graphql - pitfalls

    There are probably no perfect technologies. Graphql is no exception. If you have not had experience with this technology, then you need to have a good idea of ​​what problems you may have and prepare for them in advance.

    To begin with, I’ll say that I’m more a supporter than an adversary of using graphql around where possible. And I’m not going to dissuade anyone at all about the appropriateness of using this technology. And that is why I raise questions that relate to unresolved issues in the framework of graphql technology.

    For example, for someone it may be unexpected that each object in graphql will have to be described at least twice: once as the return type of the object, and once again as the input type of the object ( ). However, I told this to begin with and do not even consider it a significant drawback. Today we will focus on such issues that, as a rule, have to be solved when developing an application using graphql technology:

    1. Separation of access for users and user groups.
    2. Error processing.
    3. SELECT N + 1 Problem

    Separation of access for users and user groups

    graphql does not know anything about sharing access between users and groups. Thus, all the work of sharing access is the responsibility of the application developer. The third parameter passes the application context object to the resolver function. Therefore, if you, for example, work with the implementation of graphql JavaScript + express, then in the context parameter you can get the current user from the request express.js object. But further work on access control should be carried out directly in each resolver:

    function(root, {id}, ctx) {
       return DB.Lists.get(id)
         .then( list => {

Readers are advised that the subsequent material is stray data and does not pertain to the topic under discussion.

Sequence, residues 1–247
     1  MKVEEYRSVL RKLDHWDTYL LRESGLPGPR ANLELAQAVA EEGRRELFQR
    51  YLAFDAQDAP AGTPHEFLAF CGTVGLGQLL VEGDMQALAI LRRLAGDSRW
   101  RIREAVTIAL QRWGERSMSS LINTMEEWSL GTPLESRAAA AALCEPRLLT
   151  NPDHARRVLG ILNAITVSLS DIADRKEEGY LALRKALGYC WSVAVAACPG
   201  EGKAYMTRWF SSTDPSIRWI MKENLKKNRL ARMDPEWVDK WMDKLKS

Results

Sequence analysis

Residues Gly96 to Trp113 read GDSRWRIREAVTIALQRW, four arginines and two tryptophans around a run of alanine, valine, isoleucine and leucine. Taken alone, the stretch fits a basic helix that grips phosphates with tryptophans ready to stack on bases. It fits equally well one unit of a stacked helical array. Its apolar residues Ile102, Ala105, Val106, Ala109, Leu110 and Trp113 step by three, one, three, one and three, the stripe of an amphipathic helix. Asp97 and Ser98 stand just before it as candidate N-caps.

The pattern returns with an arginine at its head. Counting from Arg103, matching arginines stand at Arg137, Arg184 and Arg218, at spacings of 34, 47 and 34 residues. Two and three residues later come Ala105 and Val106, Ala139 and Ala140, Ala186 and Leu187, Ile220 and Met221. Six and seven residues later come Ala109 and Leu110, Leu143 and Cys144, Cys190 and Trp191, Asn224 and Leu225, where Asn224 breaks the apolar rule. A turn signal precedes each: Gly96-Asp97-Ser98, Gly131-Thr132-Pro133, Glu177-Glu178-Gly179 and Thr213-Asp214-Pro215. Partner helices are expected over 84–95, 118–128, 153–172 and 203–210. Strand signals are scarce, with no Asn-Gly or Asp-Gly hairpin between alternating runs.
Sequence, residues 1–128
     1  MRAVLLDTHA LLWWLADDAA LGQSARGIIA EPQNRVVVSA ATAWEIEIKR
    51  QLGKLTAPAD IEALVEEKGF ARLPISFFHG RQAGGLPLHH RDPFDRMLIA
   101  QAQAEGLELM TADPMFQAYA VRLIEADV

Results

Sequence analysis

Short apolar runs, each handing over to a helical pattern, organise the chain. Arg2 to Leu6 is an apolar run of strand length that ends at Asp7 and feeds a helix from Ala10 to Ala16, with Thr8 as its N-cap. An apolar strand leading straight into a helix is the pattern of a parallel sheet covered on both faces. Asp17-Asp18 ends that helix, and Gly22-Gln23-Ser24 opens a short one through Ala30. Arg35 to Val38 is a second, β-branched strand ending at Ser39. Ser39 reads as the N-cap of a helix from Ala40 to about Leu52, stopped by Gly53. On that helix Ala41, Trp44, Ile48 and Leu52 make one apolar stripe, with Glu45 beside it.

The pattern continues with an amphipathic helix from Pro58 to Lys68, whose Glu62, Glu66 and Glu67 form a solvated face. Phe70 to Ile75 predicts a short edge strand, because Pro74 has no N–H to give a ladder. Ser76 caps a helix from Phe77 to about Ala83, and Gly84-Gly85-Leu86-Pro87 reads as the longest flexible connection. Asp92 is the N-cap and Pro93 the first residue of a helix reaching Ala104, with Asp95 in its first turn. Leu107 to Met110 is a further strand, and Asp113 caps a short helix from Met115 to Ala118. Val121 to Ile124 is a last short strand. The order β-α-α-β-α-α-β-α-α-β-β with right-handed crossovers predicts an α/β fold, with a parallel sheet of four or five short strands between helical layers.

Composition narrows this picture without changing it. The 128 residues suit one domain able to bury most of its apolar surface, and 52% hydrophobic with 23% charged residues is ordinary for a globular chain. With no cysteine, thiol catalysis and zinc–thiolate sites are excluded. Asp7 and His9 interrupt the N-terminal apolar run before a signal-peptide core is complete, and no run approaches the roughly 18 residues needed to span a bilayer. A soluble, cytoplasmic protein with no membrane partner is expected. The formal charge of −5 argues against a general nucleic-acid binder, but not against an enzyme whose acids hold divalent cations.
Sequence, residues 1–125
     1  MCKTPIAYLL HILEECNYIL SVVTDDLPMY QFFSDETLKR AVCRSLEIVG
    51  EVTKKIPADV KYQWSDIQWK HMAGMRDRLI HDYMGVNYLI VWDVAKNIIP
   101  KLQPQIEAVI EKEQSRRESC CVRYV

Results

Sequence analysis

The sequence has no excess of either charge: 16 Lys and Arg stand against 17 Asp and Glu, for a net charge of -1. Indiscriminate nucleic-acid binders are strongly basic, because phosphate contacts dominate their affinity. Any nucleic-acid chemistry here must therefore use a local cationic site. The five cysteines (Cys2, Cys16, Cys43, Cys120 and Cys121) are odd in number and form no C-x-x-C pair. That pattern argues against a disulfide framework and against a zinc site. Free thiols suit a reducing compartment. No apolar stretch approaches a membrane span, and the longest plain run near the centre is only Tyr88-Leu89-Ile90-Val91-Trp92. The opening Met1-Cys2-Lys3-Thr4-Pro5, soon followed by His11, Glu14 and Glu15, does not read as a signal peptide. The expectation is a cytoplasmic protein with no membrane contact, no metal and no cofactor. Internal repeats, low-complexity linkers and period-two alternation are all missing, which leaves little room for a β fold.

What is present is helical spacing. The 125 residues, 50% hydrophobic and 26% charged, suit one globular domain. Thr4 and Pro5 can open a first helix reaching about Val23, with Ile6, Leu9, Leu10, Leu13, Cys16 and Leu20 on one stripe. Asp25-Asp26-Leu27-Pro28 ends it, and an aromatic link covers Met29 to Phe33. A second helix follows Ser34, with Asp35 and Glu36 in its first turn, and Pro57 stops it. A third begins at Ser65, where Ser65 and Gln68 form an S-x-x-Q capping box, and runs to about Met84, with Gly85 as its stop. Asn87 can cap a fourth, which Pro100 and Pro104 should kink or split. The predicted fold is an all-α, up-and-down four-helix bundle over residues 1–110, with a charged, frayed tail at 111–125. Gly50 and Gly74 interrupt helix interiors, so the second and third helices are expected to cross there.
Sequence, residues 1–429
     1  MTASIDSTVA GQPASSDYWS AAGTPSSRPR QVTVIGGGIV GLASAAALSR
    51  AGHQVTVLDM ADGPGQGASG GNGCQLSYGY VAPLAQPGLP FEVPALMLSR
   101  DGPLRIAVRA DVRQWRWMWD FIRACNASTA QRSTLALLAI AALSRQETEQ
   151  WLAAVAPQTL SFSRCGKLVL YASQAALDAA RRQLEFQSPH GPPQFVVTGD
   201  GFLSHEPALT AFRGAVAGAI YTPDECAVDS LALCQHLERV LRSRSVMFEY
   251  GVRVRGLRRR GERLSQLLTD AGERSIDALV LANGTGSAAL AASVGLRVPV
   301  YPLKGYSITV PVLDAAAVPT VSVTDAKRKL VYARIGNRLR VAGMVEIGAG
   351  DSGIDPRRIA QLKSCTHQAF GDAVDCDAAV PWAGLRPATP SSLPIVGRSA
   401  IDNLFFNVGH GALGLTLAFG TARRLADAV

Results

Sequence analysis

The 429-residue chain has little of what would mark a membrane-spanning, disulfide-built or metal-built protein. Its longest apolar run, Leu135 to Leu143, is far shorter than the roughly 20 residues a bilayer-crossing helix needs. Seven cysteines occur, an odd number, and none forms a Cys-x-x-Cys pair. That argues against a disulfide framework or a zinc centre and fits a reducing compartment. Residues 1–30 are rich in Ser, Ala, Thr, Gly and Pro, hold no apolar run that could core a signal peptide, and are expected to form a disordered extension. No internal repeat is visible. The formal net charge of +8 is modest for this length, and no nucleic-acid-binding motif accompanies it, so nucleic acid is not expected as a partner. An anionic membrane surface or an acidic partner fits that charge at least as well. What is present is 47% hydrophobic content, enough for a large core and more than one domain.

if(list.owner_id && list.owner_id != ctx.userId){
             throw new Error("Not authorized to see this list");
           } else {
             return list;

    Naturally, this approach complicates access control because there is no way to set access rights in a declarative manner, and control of rights is dispersed over dozens (for some large systems, over thousands) of resolver functions. Therefore, there are a number of libraries that solve this problem. Some of them are quite popular (judging by the number of stars on, for example .

    Error processing

    If your frontend requires input validation and the formation of detailed messages for each field that has not passed validation, then error handling in graphql will most likely seem not flexible enough to you. For example, if the input parameter was described as a string, and a numerical value was received, then the error message will be of little use for this:

      "errors": [
          "message": "Expected type String, found 1.",
          "locations": [
              "line": 2,
              "column": 15

    If there is a gross error in the type of input parameter, then an error message will be generated automatically and there is no way to control this process. If validation by type of input parameter was successful, then it is possible to send a custom error message to the client by throwing the object new Error ('custom message ...'). You cannot add custom fields to the error object (error customization is implemented in the apollo-server-express and apollo-errors libraries when used together). Of course, it is always possible to serialize an object to a string messageon the server and deserialize on the client. But is it necessary to do so?

    SELECT N + 1 Problem

    This problem was discussed in detail in the message .

    graphql is built on resolver functions. This means that fetching data from the database can cause a problem called SELECT N + 1. Suppose that in the resolver function a list of objects was obtained in which the data associated with this object is represented by identifiers (foreign keys). For each such identifier, its own function resolver will be called, in which (in each) an additional request to the database will be made. Thus, instead of a single database query (with SQL JOIN), many queries will be executed, which overloads the database with queries.

    To solve this problem, facebook developed the librarythat uses a pending request strategy. Instead of executing the request directly in the function resolver, it is proposed to accumulate identifiers (secondary keys) in the array, and then receive them immediately with one request.
    May 13, 2019

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